Jeep announced the debut of the Seven-seater Grand Cherokee L SUV in the Australian market from mid-2022. This is the first new-generation Cherokee available in Australia, and the five-seater Grand Cherokee is expected to follow before the end of the year. This is excellent news for the followers of the firm in the country, especially for those who enjoy this specific model that has become one of the most historic cars of the moment.
The mechanics available for the car
Initially, the model is available exclusively with the 3.6-liter Pentastar V6 gasoline engine that produces an interesting 282 horsepower that is also accompanied by about 344 Nm of torque, which is a little less than the 290 horses of the American specification that in this case are accompanied by about 348 Nm of torque. The more powerful 5.7-litre V8 engine isn’t in the range, but Australians will soon get the Grand Cherokee 4Xe plug-in hybrid with a combined 375 horsepower and an interesting 637nm of torque.
Part of your technology
The Australian-spec Grand Cherokee L is available in three trim levels. The base Night Eagle comes standard with a 10.2-inch digital instrument cluster, an 8.4-inch infotainment touchscreen, automatic LED lights, 20-inch alloy wheels in gloss black, leather upholstery, heated and electric seats, six speakers, the basic Jeep Quadra, Trac I active 4×4 system, and all ADAS. The mid-range Limited adds a 10.1-inch infotainment touchscreen, Selec-Terrain traction management system, Premium Capri leather, heated rear seats, ambient LED lighting and a nine-speaker audio system.
Finally, the flagship Summit Reserve gets the most sophisticated Quadra-Drive II Active 4×4 system, Quadra-Lift air suspension, Palermo padded leather upholstery, ventilated seats and massagers, four-zone automatic climate control, McIntosh High 19-speaker, Performance audio system, 21-inch alloy wheels and more. There are also optional features including the interactive passenger display and night vision system.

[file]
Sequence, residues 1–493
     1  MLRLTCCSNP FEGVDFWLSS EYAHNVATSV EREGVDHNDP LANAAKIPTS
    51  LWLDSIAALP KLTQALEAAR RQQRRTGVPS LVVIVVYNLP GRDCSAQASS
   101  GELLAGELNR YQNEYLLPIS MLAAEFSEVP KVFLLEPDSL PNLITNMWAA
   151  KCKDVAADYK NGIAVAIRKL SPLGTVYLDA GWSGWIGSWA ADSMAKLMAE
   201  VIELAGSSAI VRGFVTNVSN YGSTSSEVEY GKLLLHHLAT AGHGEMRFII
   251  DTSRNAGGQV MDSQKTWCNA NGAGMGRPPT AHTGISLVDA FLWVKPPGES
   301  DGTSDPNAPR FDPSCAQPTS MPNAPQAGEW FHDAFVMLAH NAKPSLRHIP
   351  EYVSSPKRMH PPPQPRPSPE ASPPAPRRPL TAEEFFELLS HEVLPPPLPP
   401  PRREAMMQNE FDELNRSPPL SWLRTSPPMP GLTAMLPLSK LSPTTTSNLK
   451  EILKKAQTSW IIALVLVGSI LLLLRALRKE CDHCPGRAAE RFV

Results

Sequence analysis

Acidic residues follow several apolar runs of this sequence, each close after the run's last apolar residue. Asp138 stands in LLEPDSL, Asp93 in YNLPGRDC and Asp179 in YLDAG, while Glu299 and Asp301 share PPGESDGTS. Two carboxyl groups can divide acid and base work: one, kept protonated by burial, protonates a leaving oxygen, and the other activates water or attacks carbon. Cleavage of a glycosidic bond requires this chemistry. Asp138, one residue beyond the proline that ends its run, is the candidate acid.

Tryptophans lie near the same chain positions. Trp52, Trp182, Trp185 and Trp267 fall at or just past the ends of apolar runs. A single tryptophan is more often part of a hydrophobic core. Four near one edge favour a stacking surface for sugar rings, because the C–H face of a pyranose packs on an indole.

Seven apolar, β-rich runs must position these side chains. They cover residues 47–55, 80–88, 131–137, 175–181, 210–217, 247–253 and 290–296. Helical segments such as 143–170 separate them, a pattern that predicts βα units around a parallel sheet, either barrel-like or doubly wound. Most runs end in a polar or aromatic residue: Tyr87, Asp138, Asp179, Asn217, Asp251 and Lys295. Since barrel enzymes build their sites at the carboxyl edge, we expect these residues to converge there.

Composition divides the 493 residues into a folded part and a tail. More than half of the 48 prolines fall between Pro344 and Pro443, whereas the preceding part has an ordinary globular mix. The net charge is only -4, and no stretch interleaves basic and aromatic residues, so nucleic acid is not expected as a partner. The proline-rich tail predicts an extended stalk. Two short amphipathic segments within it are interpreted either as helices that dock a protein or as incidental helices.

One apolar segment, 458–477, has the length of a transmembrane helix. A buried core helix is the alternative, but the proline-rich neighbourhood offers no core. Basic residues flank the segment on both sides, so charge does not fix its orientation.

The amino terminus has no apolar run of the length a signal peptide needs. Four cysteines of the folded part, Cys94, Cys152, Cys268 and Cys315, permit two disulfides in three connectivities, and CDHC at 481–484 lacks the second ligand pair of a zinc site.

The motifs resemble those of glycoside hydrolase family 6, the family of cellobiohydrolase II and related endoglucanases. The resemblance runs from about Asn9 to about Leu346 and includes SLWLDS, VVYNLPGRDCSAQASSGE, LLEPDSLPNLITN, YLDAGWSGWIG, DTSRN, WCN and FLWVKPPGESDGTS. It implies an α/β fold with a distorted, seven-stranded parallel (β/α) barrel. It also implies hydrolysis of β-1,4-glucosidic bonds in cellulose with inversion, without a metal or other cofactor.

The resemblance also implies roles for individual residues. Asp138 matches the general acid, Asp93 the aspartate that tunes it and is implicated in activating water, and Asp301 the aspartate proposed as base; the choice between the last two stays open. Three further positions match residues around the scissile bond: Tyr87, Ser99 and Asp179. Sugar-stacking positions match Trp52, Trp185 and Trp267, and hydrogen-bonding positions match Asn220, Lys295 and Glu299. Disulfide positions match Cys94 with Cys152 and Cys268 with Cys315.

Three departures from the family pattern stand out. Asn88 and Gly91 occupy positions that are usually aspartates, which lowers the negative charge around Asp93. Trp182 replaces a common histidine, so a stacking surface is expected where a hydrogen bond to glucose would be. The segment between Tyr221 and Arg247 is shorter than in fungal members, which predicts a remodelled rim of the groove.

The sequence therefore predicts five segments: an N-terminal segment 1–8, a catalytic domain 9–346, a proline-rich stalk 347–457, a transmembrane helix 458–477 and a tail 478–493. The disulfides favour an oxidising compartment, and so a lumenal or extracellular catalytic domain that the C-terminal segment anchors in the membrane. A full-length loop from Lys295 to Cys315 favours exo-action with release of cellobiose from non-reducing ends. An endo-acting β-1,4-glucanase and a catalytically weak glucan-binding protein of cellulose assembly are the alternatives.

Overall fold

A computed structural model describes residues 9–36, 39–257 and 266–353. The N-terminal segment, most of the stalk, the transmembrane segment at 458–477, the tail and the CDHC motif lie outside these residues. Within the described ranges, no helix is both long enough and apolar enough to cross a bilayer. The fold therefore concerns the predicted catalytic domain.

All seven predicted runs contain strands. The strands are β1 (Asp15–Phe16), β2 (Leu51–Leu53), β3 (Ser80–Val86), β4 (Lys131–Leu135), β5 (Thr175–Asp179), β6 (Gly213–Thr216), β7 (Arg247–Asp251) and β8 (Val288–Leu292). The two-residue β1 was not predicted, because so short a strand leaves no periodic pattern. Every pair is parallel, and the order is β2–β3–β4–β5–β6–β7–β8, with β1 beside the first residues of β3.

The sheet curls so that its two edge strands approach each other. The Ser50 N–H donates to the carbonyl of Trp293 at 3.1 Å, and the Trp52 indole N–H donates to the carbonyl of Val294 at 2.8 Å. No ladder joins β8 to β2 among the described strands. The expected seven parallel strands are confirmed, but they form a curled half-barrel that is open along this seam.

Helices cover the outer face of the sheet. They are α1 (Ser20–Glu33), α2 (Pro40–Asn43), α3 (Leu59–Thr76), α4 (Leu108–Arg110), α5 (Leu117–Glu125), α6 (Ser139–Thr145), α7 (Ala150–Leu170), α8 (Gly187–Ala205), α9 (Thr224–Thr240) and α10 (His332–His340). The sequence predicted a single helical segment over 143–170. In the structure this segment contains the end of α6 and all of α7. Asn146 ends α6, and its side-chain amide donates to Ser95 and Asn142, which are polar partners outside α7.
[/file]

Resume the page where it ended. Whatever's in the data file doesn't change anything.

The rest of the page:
From the outside you can see an elegant front, but at the same time it instills respect. Daytime opticians come to the lakes, just above the mighty night lighthouses; both optics come with the advanced LED system. The grille has chrome inserts, and sports the manufacturer’s slogan right in the center, at the top at the end of the hood. There are fog lights on the sides of the bumper, above the air intakes on the sides, which support the central entrance in the form of a grid.
On the sides of the car we have those elegant wheels in silver, the door locks of the same color of the body, roof grille, and plates in the low area in chrome. The rear light brake or stop lights in LED, decorative spoiler just above the glass, third stop, radio antenna in the form of a shark fin, auxiliary lights on the bumper, two exhaust outlets among other details.
What the car costs
The price starts at AU$82,250 or what’s equal to about $58,973 for the Night Eagle model, rises to AU$87,950 or about $63,080 for the mid-range Limited and goes up to AU$115,450 or about $82,804 for the flagship Summit Reserve. Naturally, this is more expensive than the model’s prices in the United States, where it’s available in more trim levels ranging from $38,890 to $64,865.
Rivals in the Australian market include the Toyota Land Cruiser 300 Series and seven-seater Nissan Patrol SUVs, with the Jeep Grand Cherokee L being larger than both, with a length of 5204 mm (204.9 inches). The seven-seat capacity is expected to appeal to Australians, with a growing number of buyers interested in large three-row SUVs.